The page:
Shayne has to do a lot of talking, thinking and downright dirty work to get himself out of a very tight spot. Such paying for "witnesses" to place a certain someone at the scene of a murder, which disgusts Lucy to the point where she's ready to walk out on Shayne ("...I thought you were decent"). Funnily enough, I picked Murder and the Married Virgin as a simple contrast to a children's (locked room) mystery novel from the same year, but both stories have their detectives seriously tampering with evidence. One of them was done out of mischievous, child-like innocence, while the other was the result of adult cynicism in a dog-eat-dog world ("scruples are something the boys write about in detective novels"). So incredibly different, and yet, I can't help but see a family resemblance.

My sole complaint is that the ending felt a little like fiddling with a combination lock, trying different combinations with the known numbers, but other than that, it's a solid, fast-paced private eye novel and a notable example of the hardboiled locked room mystery. So the other three Halliday novels on my big pile will be moved up a few places.


  1. I was dimly aware of this, and dimply aware that it might not be one to rush out and find...and it sounds like those impressions weren't far off. It's always fun to see the impossible crime melded with atypical genres -- look at Inherit the Stars by James P. Hogan, about which we both get rather excited -- but if the book and problem themselves don't meet a certain standard, an impossible crime ain't gonna save it.

    So, well, I'll keep a weather eye out for this one, but I'll perhaps look elsewhere first, second, third, and fourth in the hope of finding something neither of us have read that's a little more worthy of enthusiasm.

    1. I'm not saying Brett Halliday was the hardboiled John Dickson Carr, but Murder and the Married Virgin fared much better as a "tough guy" locked room mystery than, let's say, Stephen Brett's Some Die Hard, John B. Ethan's The Black Gold Murders and Jonathan Latimer's The Dead Don't Care. He was more like a proto-Bill Pronzini. And, if that isn't tempting enough for you, Robert Arthur wrote a few short stories under the Halliday name. Such as the promising-sounding "Death Dives Deep."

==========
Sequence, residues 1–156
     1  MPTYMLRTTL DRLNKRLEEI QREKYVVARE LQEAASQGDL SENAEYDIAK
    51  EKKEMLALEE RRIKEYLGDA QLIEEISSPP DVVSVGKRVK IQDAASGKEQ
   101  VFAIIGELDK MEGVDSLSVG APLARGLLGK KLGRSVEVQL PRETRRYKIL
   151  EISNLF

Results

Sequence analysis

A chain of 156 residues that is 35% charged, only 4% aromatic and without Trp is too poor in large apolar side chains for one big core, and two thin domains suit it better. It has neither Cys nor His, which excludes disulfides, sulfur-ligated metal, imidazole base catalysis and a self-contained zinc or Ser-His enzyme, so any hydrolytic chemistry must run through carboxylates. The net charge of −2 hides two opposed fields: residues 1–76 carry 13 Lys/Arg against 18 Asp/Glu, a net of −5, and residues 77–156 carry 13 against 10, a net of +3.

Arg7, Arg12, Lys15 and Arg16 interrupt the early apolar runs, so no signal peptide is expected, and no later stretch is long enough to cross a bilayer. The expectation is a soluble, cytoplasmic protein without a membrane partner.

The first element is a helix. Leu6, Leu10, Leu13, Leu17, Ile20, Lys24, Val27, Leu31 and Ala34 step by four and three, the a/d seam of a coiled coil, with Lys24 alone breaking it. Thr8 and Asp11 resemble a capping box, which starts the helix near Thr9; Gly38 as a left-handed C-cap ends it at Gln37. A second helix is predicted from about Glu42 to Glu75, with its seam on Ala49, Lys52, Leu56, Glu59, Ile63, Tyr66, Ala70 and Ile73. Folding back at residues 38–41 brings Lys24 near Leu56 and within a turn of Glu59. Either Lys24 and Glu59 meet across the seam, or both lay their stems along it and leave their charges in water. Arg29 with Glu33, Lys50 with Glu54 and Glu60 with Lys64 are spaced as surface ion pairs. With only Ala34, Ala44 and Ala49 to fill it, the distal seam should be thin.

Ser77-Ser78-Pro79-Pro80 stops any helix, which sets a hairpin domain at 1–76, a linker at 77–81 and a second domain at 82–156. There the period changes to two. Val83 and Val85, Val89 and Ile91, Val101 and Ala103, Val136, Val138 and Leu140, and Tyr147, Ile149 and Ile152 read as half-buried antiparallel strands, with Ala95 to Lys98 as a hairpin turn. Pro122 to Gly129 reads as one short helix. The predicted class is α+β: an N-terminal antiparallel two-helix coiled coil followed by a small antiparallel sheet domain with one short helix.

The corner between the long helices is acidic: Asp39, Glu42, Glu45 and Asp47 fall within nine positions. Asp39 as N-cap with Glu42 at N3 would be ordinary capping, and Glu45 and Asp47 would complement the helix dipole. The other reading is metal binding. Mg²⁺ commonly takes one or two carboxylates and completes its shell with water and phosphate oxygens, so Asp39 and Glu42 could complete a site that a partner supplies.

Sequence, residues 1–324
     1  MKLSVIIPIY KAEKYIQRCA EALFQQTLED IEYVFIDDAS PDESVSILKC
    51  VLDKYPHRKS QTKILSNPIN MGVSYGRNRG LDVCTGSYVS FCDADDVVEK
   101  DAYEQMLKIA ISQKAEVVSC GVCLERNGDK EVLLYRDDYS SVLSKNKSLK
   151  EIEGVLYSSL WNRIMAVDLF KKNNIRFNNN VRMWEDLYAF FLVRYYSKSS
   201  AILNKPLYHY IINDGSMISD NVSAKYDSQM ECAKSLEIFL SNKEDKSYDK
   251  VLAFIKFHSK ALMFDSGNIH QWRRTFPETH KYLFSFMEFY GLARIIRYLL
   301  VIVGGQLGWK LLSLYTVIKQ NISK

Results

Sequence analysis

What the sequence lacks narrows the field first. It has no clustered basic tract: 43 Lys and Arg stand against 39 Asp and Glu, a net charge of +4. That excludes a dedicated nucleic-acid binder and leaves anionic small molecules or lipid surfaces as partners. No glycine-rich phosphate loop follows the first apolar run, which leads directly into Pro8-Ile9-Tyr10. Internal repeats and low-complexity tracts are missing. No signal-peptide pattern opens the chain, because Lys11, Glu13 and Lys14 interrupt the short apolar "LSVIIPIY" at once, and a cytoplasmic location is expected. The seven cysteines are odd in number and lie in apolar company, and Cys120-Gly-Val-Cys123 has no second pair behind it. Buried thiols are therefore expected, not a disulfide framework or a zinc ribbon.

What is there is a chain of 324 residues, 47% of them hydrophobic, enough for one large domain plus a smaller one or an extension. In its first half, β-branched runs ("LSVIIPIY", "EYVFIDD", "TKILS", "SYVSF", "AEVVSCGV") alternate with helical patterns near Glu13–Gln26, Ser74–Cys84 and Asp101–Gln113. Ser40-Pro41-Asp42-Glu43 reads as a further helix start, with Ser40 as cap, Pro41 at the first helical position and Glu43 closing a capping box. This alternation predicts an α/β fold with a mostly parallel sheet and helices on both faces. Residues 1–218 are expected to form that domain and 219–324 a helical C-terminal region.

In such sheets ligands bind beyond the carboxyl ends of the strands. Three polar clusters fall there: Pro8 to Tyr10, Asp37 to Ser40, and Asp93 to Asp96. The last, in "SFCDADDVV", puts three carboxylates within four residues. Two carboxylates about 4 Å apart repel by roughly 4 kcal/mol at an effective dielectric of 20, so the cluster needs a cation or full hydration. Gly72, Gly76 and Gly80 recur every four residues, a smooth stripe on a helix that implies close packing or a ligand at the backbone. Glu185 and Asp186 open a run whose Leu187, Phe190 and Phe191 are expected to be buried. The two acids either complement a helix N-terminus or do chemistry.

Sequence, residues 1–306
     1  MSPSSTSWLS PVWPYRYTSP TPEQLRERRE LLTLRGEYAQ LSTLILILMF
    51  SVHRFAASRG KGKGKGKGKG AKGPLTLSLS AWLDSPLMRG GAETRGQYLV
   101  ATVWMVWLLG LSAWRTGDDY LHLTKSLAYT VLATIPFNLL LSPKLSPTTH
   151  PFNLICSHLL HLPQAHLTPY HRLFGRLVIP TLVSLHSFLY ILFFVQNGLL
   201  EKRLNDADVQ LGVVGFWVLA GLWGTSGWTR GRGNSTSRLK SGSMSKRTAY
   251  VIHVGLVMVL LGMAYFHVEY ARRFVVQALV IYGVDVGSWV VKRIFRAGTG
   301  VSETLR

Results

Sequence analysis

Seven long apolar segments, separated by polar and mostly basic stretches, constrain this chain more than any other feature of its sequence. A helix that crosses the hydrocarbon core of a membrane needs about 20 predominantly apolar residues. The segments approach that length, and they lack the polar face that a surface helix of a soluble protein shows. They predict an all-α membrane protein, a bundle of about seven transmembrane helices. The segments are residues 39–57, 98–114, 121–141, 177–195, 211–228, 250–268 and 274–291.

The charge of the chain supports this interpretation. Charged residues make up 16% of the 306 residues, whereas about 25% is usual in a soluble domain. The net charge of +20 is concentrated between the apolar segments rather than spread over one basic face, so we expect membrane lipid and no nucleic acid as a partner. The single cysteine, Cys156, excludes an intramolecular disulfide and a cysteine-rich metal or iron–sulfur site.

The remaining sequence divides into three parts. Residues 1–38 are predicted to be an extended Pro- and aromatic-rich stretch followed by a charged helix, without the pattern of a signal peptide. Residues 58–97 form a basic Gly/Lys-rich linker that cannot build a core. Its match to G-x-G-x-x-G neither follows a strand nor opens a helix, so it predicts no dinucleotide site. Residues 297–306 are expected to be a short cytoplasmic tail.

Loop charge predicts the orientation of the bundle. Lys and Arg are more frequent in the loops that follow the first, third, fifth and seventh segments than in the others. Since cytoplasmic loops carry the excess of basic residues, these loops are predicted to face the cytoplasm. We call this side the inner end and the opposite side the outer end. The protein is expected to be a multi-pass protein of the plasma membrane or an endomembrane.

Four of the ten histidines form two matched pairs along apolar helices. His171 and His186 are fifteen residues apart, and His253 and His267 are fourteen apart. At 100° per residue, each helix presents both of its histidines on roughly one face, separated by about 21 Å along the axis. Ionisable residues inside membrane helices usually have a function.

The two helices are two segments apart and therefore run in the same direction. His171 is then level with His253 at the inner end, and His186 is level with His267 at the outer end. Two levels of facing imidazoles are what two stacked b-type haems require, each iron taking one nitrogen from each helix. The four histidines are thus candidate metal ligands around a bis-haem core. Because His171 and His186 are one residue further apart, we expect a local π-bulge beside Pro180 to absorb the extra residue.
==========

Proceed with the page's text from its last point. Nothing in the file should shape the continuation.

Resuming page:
"...in the hope of finding something neither of us have read that's a little more worthy of enthusiasm."

      I'm eagerly looking forward to your next installment of "A Little Help for My Friends." :)

  2. I've only ever read one of the Mike Shayne books but I quite enjoyed it. But then I'm quite fond of the hardboiled school (which I certainly prefer to the Psychological Crime Novel school). I'm definitely tempted to add Murder and the Married Virgin to my shopping list.

    And I agree that the hardboiled writers weren't quite as indifferent to plotting as some GAD fans seems to think.

    1. Dashiell Hammett and Raymond Chandler sort of set the tone and something critics love to hammer on about, but beyond those two giants, there were (and are) many hardboiled writers who appreciated a good, solid puzzle plot. Not always to the same extant or complexity as their GAD counterparts, of course. But a lighter touch to the plotting fits the hardboiled private eye like a well-worn trench coat.

      Anyway, I hope you enjoy Murder and the Married Virgin.

    2. I agree. There were writers who wrote hardboiled detective stories which are still actual detective stories, with actual detection. And there were writers who wrote hardboiled crime novels, with little or no interest in plotting. Edward Anderson, James M. Cain, and to some extent Hammett, etc. Critics much prefer the latter and they often ignore the former.

  3. The title did ring a bell when I saw it in my email box. Bit nervous when I saw it was a book I vicariously recommended via Boucher, but glad it had enough good stuff in it to make it a worthwhile read.

    1. I always take note and jot down recommendations from my fellow fans for future reference. Not only had this one more than enough to make it worthwhile, but have discovered at least one other locked room title by Halliday not listed in either Adey or Skupin. So thanks for the recommendation!